Tangled Up in Tunes: Ballad of a Dylanhead.
TRACK SIX: U.S.BLUES
Grateful Interventions…A preview of the 1985 NBA Draft in the style of Moses Malone…The pros and cons of hitchhikers…Sweating bullets in Cincinnati…Ominous clouds in Buffalo…The party’s over at RFK…
The Alpine shows were tight, welcomed consistency after the Helter Skelter Spring tour. On the second night, the “Saint of Circumstance” jam raged, and The Boys opened the second set with the Derek and the Dominoes classic, “Keep on Growing,” featuring Phil Lesh on lead vocals. Lesh had recently emerged from a ten-year singing hiatus. A new Deadhead chant was born: “Let Phil sing.” I wanted to chant: “Bad idea.” The beloved bassist, who wore tie-dyes and looked like a chemist, had a distinct vocal style—awful as can be. This didn’t matter to Deadheads. Tight-knit crowds crave simplistic mantras to chant. In Yankee Stadium they yell, “Boston sucks,” and in the Boston Garden they holler, “Beat L.A.” When Phil Lesh sang, I cringed.
June 23, 1985, was a travel day. Our crew fiddled around Lake Geneva all day and then started the journey towards Cincinnati by sundown. We picked up a hitchhiking Deadhead who looked like a young Rodney Dangerfield in a Hawaiian shirt. His name was Steve Miller. His sticky bud made us fly like eagles, and his stinky feet made us roll down the windows. We had an intervention and ordered him to put his boots in the trunk. Doug’s Alpine Masters sounded sensational as I pressed on for five hours before pulling over to sleep in an Indiana service area.
Sunshine was beating upon my forehead as I awoke in the front seat of my Chevy. My clothes were heavy with perspiration, and I was steaming like a burrito that had been slowly baking all night. Doug was snoring and schvitzing in the back seat. Steve Miller restlessly rolled on the trunk. Phil and Paul had been napping in sleeping bags on the grass, but I found them having coffee in the cafeteria. Their sleeping quarters were invaded by a bivouac of ants at dawn.
The mid-morning heat was relentless, and there wasn’t a cloud over the Midwest. Our spirits were bolstered again as we headed down the highway with the AC cranking. We reached the River Bend Music Theatre at noon, way too soon—we had seven hours to kill on a 100-degree day.“Iko Iko,” the righteous party song, kicked-off the second set. Behind the stage, a steamboat slowly sailed up the Ohio River. Look out, mama, there’s a white boat coming up the river. The enormous Grateful Dead twentieth celebration banner dropped down behind the band as they slammed into “Samson & Delilah.” River Bend buzzed below the setting sun.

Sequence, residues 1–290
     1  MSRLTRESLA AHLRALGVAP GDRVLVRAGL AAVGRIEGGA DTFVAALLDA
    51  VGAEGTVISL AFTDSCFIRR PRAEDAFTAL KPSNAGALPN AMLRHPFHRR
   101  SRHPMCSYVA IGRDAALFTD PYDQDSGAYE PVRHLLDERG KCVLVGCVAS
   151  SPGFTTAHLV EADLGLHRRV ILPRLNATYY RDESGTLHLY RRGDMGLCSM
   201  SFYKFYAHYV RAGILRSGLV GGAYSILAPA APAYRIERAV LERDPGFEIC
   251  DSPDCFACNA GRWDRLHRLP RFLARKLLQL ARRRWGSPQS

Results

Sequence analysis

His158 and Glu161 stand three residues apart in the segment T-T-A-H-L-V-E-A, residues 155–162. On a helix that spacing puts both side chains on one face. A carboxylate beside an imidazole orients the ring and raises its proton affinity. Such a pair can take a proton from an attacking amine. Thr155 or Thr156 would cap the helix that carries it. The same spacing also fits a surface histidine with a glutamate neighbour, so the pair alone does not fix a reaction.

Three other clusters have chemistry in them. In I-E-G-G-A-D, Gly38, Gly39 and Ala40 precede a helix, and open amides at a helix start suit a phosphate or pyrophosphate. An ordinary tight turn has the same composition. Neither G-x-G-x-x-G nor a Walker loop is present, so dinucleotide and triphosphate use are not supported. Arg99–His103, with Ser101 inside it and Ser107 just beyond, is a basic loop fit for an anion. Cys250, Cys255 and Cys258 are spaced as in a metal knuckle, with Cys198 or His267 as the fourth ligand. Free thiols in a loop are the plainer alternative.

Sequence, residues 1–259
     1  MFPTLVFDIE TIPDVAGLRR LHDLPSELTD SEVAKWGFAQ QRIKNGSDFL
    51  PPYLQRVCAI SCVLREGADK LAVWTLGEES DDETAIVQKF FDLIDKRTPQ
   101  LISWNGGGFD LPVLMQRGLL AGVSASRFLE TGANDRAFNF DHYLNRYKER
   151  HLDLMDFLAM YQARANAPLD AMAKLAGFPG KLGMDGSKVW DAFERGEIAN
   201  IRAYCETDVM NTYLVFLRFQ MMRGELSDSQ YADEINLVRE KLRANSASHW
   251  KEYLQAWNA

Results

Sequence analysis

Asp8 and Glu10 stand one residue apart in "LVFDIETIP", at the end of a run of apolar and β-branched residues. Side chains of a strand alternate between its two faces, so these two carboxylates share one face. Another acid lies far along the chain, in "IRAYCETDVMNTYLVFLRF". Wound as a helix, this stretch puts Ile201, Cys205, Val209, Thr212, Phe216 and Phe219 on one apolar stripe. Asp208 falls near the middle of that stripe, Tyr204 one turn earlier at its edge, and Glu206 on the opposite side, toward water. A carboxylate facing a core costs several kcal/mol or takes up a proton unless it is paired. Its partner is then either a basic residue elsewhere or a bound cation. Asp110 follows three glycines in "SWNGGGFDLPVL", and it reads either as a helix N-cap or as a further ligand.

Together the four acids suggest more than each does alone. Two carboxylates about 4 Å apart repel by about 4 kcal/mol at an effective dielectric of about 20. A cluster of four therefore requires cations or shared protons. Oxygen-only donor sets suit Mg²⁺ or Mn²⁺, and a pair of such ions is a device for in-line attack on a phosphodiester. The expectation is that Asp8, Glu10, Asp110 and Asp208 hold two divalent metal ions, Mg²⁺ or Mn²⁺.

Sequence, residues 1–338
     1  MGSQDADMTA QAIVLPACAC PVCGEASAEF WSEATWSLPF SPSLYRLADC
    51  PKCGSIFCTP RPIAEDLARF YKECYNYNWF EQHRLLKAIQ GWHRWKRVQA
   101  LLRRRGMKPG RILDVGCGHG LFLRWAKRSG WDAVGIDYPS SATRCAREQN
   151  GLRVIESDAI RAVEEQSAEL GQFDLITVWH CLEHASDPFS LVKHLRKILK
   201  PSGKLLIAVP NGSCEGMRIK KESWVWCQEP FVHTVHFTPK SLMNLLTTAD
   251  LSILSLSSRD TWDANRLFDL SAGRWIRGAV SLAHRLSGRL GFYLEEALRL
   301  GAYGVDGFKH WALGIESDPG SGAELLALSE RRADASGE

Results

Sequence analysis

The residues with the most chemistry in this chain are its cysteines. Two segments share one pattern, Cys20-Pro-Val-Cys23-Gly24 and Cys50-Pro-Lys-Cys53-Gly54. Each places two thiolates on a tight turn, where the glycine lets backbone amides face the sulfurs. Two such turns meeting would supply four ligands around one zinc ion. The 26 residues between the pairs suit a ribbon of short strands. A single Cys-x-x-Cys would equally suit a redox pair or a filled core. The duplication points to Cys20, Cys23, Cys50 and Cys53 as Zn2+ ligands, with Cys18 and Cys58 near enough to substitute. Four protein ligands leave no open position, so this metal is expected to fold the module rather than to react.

For their Twentieth Anniversary concerts in Berkeley, the Dead broke out “Cryptical Envelopments,” an Anthem of the Sun beauty that had been sitting on the shelf since 1970. In Cincinnati we were treated to a Cryptical Loop: Cryptical Envelopments -> Drums -> Space -> Come A Time -> The Other One -> Cryptical Envelopments. A la 1985, Garcia’s voice crackled through this segment, but the loving intent was palpable.
Driving away from River Bend, I gushed about Garcia’s nifty fretwork on “Let It Grow.” Had I been looking at road signs, I might have been warned about the winding pavement that veered sharply to the right. Without time to stomp on the brakes, I snapped the wheel to my right in a desperate attempt to save myself and my crew from flying off the mountainside. The tires screeched louder than a bullhorn, and my Chevy Caprice was airborne—cups, cans, tapes, pipes, and sunglasses in orbit. I stuck the landing on the road like a gold medal skier in the downhill, still cruising at a 60 MPH clip. My crew was silenced with acute shock syndrome.
Tangled Up in Tunes is available at www.tangledupintunes.com This 1978 Chevy Caprice is a dead ringer for my tour mobile.